Medical and other evidence in a workmen's compensation case warranted a finding by the Industrial Accident Board that the employee sustained an injury arising out of and in the course of his employment "in that . . . tuberculosis [incapacitating him] was aggravated, hastened or precipitated as a result of work as a paint sprayer and grinder of emery wheels."  An award of compensation in a workmen's compensation case was not precluded by want of notice of an injury to the employee consisting of tuberculosis resulting from work as a paint sprayer and grinder of emery wheels, or by failure to file a claim for compensation seasonably, where it appeared, among other things, "that the employee was treated for a tubercular condition immediately after the condition was diagnosed and that the employer had knowledge thereof." [525-526]
CERTIFICATION to the Superior Court of a decision by the Industrial Accident Board under the workmen's compensation act.
The case was heard by Meagher, J.
Arthur E. Quimby, for the insurer.
Henry A. Moran, Jr., for the claimant.
LUMMUS, J. The employee began work for Savage Arms Corporation in 1942, when he was given a physical examination, including an examination of his lungs. He was found in good health. In 1945 he had an X-ray examination, which was satisfactory. After that he polished small parts, using emery dust. His nose and mouth would get full of dust, and his nose bled. In 1947 he changed to a different job, spraying lawn mowers with paint. He worked on that job about a year. Although he used a mask most of the time, the paint would go through the mask, and his
face, chest, teeth and nose would be covered with paint. When he blew his nose, paint would come out. He was tired, and coughed much. He lost weight, and had difficulty in lifting seventy-five pounds in his work. In 1947 he had an X-ray, and his foreman told him to see Dr. Hosman, which he did. In November, 1950, he stopped work, because he was too tired to continue.
Dr. Hosman testified substantially as follows. On August 30, 1947, he made a definite diagnosis of the employee's trouble as pulmonary tuberculosis. After that the employee grew worse, suffering from coughing, headache, dizziness, lack of appetite, night sweats, pain in the chest and very high temperature. On December 18, 1950, he became a patient at the Westfield Sanatorium. The witness expressed the opinion that the emery dust and the paint had a causal relation to the tuberculosis. He testified, "Pulmonary tuberculosis is caused by tubercle bacillus and paint and emery dust are predisposing causes in the pathological development of pulmonary tuberculosis."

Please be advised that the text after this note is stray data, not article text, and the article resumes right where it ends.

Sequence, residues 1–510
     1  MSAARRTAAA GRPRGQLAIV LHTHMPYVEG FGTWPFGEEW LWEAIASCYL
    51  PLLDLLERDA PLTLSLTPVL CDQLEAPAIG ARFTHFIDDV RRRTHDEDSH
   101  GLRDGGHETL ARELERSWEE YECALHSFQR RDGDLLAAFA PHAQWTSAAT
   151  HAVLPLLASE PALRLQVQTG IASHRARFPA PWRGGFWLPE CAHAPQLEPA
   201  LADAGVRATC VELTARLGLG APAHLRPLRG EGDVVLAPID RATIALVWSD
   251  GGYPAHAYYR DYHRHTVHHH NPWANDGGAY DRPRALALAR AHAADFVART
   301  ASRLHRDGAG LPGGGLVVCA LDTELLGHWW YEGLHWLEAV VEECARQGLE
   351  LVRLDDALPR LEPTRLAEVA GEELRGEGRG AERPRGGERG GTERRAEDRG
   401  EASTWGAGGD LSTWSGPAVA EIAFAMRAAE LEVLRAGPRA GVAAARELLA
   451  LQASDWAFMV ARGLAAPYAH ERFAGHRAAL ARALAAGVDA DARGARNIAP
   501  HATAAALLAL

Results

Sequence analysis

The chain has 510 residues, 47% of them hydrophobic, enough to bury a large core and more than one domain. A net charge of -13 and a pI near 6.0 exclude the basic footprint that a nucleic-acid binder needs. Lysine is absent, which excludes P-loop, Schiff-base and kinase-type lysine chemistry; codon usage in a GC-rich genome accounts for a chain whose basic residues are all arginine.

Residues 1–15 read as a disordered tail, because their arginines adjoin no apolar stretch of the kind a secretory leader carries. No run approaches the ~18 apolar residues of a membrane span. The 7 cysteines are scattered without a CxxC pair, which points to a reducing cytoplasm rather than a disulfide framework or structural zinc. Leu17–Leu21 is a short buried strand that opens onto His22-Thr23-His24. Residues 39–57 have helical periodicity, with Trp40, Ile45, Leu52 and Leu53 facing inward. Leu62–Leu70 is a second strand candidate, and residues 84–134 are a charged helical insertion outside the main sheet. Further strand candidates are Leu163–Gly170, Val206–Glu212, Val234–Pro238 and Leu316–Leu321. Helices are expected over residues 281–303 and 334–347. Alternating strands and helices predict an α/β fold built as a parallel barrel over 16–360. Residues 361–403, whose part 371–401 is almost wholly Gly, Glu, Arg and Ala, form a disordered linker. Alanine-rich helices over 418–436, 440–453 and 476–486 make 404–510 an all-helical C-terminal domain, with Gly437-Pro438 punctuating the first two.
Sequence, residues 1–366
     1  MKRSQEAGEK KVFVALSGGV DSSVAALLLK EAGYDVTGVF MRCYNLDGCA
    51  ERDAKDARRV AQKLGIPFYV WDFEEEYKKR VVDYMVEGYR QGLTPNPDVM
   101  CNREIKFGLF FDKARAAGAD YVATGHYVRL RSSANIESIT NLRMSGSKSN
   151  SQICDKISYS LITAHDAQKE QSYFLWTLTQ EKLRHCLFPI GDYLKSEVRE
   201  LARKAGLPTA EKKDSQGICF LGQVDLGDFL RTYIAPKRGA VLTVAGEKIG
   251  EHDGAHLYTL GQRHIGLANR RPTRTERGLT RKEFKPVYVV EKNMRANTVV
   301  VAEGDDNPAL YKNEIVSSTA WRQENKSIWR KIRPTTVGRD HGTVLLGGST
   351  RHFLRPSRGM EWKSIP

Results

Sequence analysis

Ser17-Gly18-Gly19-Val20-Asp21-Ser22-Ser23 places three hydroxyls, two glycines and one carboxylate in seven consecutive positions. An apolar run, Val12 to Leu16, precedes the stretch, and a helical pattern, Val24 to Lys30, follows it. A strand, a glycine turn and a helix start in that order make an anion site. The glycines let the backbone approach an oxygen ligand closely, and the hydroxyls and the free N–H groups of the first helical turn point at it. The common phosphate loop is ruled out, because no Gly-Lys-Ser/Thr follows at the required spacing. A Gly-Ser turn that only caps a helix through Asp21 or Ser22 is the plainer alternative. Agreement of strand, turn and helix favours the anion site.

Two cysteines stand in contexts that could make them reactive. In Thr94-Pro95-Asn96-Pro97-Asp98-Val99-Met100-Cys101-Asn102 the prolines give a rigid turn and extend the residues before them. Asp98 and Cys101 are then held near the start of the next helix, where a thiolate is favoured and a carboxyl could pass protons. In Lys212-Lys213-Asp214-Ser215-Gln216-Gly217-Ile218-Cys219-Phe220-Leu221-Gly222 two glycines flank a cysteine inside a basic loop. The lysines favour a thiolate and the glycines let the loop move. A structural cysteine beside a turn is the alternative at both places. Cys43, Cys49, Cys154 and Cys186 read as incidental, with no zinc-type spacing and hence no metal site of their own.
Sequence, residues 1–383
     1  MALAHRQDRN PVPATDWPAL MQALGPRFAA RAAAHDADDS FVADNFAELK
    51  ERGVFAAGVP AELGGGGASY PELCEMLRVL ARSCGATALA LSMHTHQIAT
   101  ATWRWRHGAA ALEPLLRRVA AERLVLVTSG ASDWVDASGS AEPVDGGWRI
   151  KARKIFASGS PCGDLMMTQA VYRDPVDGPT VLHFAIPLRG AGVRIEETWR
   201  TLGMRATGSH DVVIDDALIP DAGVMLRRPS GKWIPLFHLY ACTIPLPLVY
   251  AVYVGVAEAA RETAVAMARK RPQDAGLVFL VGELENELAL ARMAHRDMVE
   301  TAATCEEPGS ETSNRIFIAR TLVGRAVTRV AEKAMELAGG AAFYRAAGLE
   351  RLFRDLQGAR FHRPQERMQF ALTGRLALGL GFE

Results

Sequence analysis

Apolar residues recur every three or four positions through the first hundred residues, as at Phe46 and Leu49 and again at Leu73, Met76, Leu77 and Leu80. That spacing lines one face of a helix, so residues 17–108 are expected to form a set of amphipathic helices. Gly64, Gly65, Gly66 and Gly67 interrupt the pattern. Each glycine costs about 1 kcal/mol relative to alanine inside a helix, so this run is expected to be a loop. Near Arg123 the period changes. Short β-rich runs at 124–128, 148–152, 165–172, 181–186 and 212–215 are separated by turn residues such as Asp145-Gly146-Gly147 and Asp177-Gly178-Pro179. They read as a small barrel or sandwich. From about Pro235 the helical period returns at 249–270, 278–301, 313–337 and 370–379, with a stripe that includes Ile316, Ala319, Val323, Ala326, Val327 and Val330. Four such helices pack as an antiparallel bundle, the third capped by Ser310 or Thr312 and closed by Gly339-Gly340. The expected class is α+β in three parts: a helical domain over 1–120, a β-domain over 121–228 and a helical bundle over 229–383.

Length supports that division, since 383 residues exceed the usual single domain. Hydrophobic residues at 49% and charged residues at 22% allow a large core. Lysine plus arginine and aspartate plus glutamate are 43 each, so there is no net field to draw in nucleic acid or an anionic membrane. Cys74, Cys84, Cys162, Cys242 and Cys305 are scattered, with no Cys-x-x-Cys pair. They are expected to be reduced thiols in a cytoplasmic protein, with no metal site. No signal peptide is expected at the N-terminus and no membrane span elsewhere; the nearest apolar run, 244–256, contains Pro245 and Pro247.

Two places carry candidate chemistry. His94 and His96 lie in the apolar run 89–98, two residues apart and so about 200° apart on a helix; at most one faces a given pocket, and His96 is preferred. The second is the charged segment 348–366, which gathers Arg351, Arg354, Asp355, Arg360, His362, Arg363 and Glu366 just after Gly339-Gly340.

The single member found that in 1947 the employee had tuberculosis arising out of and in the course of his employment "in that his tuberculosis was aggravated, hastened or precipitated as a result of work conditions." The reviewing board struck out the word "conditions" and substituted therefore the words "as a paint sprayer and grinder of emery wheels." With that change it affirmed the findings of the single member.
The findings of the reviewing board are final if supported by any evidence. McKeon's Case, 326 Mass. 202 , 203. Karelis's Case, 328 Mass. 224 . We have no doubt that there was evidence of a causal connection between the work and the subsequent tuberculosis and disability. Duggan's Case, 315 Mass. 355 . Josi's Case, 324 Mass. 415 .
By G. L. (Ter. Ed.) c. 152, Section 41, notice of an injury must be given to the insurer or insured as soon as practicable after the happening thereof, and claim for compensation must be made within six months after the injury. In the present case there was no compliance with the statute. But
by Section 44 "want of notice shall not bar proceedings, if it be shown that the insurer, insured or agent had knowledge of the injury, or if it is found that the insurer was not prejudiced by such want of notice." By Section 49 the same rule as to prejudice is true of the failure seasonably to make claim. The single member and the reviewing board found "that the employee was treated for a tubercular condition immediately after the condition was diagnosed and that the employer had knowledge thereof."
The usual forms of prejudice to the insurer are the failure of the employee to be treated medically promptly after the injury, and the inability of the insurer to procure evidence because of the delay in learning of the injury. Tassone's Case, 330 Mass. 545 , 547-548. See also Charron's Case, ante, 519. The facts in the present case are comparable to those in Tassone's Case. Obviously the taking into the human body of emery dust and paint suggested the likelihood of tuberculosis. The employer and the insurer in the course of their business could be found to have known that likelihood. The employee had medical treatment from the time when his ailment was first diagnosed as tuberculosis. So far as appears, no physician other than Dr. Hosman knew anything about the condition of the employee while he was working and Dr. Hosman testified fully.
There was no error, we think, in the decree of the Superior Court awarding compensation. The allowance for the cost of attorney's fees, briefs and expenses (G. L. [Ter. Ed.] c. 152, Section 11A, inserted by St. 1945, c. 444, as amended) is referred to the single justice.